|The Mt. Vernon Trail at Mile 15.|
When I stepped out of the car, the wind cut through my jacket as if I was wearing nothing at all. It was the kind of cold that reaches through you and into your bones. White clouds stretched over the sky and matched the blanket of snow that lingered from Friday’s storm. If the sky didn’t betray the threat of snow, the sharp smell in the air erased any doubt. I squinted through the wind, making my way to the back of my car to get a quick stretch on and pluck my iPod and ear buds.
I surveyed the unusually sparse parking lot that normally teems with bikers, runners, and picnickers. Where visitors normally stalk parking spaces, I had the pick of the lot. A couple of black Lincolns idled, their drivers on cell phones or thumbing through the morning paper, waiting for their passenger to arrive.
Satisfied and just damn cold, I slammed the backdoor. The wind gathered noise until it reached a near deafening roar. I tilted my head back and followed the 737 folding up its wheels and gaining altitude as it began to trace the Potomac River and disappear into the clouds.
I ducked into the porta-potty and didn’t bother wrangling the plastic door shut. With nothing left, I began.
Just the other day, I found myself romanticizing about the notion of having snow on the ground. The mercury read 52 and something about seeing that in January just didn’t feel right. Friday night, I got my wish and reluctantly had to postpone my Saturday morning run to Sunday. With my dad in town and an early flight out of Reagan Airport, that’s how I found myself in the unusual position of standing alone in Gravelly Point, just 400m shy of the 15 mile marker on the Mount Vernon Trail.
My first tentative steps to warm up my ankle came and went, and as I trotted by that 15 mile marker, my stride returned, the wind receded, and I knew this was going to be one of “those runs.”
I passed under the 14th street bridge, which offered the first glimpse of the Jefferson memorial. The trail meandered alongside the choppy black water. The silence and the gray made the stone monuments and bridges somehow colder and more imposing. It was as if the storm had drained the color from the trail and muted its soundtrack of passing cars, bike bells, and breathy conversations. Even my outfit, black tights and a gray top, fit the landscape. Only the yellow dashes marking the trail lanes in each direction blazed the way.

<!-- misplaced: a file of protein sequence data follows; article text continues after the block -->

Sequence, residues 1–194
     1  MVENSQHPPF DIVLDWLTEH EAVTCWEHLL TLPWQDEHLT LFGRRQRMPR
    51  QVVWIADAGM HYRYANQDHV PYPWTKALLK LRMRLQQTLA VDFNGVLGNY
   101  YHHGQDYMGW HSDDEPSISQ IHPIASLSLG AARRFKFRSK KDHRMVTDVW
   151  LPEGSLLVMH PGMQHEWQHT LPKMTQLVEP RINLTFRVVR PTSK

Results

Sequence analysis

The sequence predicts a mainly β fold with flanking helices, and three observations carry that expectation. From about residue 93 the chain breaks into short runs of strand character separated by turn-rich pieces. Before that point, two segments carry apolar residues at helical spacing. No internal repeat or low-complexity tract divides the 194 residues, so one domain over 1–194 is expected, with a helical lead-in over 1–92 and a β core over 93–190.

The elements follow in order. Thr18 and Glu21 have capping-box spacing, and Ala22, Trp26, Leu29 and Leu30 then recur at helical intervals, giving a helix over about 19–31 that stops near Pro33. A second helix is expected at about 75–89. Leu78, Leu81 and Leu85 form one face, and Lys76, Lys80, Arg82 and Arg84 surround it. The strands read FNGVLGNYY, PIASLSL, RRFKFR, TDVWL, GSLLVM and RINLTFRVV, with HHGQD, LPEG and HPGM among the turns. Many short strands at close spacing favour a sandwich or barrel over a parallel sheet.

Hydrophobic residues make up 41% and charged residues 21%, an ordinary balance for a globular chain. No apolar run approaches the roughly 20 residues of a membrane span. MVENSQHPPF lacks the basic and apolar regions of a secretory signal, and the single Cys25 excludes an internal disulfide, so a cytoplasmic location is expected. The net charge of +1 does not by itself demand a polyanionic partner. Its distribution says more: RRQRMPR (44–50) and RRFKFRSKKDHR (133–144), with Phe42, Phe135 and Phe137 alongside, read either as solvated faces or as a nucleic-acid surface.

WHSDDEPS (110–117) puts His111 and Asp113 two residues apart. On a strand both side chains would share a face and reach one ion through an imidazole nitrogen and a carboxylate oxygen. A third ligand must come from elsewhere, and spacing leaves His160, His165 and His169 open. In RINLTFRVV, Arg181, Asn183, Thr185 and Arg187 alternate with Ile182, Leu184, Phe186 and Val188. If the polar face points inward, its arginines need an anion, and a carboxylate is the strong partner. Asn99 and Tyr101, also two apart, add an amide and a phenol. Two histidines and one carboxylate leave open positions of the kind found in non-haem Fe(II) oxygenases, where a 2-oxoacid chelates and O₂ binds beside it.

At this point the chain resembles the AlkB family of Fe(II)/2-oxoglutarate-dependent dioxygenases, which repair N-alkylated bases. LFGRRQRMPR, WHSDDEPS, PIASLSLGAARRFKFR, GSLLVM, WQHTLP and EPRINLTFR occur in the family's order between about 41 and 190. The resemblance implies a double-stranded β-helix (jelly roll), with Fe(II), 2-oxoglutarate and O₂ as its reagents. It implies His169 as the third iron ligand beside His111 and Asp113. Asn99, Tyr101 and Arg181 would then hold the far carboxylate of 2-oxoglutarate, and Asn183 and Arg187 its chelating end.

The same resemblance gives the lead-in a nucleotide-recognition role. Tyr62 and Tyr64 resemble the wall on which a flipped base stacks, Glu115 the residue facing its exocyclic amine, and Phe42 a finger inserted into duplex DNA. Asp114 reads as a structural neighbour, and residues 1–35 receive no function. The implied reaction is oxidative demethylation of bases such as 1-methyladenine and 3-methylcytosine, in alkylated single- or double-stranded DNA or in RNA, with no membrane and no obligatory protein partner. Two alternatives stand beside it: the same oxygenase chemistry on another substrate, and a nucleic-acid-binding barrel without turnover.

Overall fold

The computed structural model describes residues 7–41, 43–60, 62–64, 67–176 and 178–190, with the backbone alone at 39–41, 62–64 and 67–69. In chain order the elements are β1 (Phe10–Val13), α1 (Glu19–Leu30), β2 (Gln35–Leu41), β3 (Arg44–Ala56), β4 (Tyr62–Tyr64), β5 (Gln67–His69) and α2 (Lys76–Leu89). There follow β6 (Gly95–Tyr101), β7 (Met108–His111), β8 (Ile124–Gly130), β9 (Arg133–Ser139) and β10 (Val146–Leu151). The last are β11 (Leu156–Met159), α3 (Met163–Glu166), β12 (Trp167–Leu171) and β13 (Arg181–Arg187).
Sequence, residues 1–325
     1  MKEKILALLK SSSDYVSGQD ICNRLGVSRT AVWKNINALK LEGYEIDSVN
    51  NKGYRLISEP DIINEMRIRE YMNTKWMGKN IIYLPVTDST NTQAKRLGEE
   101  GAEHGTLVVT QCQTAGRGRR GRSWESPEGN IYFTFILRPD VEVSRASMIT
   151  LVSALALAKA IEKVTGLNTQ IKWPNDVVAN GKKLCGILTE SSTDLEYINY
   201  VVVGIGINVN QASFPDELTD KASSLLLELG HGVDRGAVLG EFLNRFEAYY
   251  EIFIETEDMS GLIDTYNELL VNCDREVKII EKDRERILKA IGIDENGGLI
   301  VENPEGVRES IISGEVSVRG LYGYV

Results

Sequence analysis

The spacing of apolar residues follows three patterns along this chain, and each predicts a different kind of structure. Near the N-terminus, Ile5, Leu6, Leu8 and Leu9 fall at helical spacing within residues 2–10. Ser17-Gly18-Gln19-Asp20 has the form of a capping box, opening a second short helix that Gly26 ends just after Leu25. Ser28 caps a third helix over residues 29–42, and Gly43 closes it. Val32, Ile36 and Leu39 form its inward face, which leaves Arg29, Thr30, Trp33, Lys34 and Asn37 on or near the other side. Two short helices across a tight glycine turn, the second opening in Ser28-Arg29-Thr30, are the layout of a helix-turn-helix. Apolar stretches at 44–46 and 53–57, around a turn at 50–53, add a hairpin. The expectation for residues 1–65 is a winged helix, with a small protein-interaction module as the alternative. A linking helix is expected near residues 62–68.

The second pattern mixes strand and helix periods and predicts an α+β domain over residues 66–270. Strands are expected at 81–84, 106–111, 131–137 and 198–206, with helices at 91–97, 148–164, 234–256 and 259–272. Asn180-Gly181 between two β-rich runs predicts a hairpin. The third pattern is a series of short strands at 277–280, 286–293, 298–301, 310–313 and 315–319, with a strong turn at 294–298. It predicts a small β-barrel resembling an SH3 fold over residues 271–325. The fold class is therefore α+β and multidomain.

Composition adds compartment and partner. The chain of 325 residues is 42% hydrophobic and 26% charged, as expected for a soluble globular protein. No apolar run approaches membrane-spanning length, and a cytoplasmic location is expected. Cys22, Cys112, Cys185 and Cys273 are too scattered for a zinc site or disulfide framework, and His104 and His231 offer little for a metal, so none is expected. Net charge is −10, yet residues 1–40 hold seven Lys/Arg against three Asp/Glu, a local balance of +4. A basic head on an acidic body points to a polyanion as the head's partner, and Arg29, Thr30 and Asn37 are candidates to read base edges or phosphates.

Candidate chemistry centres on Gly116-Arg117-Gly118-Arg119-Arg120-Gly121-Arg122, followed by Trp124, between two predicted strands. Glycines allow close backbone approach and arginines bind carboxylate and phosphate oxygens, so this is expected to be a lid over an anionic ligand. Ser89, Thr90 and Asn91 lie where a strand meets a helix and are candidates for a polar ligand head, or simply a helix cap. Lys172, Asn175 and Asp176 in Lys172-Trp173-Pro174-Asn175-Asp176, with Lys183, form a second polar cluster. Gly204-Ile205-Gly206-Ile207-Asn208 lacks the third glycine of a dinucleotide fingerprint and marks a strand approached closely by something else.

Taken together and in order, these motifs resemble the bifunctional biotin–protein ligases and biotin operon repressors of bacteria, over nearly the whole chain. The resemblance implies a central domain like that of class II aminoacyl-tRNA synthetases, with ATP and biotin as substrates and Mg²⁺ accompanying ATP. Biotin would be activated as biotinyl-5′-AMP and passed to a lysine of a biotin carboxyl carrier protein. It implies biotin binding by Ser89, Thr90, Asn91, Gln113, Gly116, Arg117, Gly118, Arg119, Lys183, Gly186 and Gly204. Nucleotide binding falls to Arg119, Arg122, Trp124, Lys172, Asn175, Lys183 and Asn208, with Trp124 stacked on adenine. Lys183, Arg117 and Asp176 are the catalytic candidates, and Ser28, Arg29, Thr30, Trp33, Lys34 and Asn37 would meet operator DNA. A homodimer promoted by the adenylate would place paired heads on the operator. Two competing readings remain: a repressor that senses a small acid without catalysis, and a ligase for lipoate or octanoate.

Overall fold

Something about that stillness and gray canvas called on past memories of commuting over this bridge into high school every day.
After Memorial Bridge, I charged by the 17 mile marker and stepped carefully around the frozen puddles. As the trail neared its end, the asphalt became wooden planks that linked it to Roosevelt Island. Here, the snow and ice had not melted. I turned off my iPod and listened to the silence that cracked with the crunch of the snow and ice underfoot. I traded views of the Kennedy Center and Lincoln Memorial for the archway of bare branches that opens up to the TR Island parking lot. I chuckled thinking that the last time I made this run, I was shirtless and just meters away from hitting my 400 mile goal.
I made the hard U-turn to start the back end of my out and back and watch the monuments reappear. As I retraced my steps, the clouds gave way and the first flurries of the morning spilled over before a light snow began to fall. A smile broke over my frozen face and I fought the urge to drop the pace to tempo even though every instinct in my body screamed for me to drive forward. Instead, I held back to enjoy that rare moment of having this regularly busy section of the Mt. Vernon trail to myself. I wasn’t quite ready to reenter the real world and let this chapter of my love affair with the City end.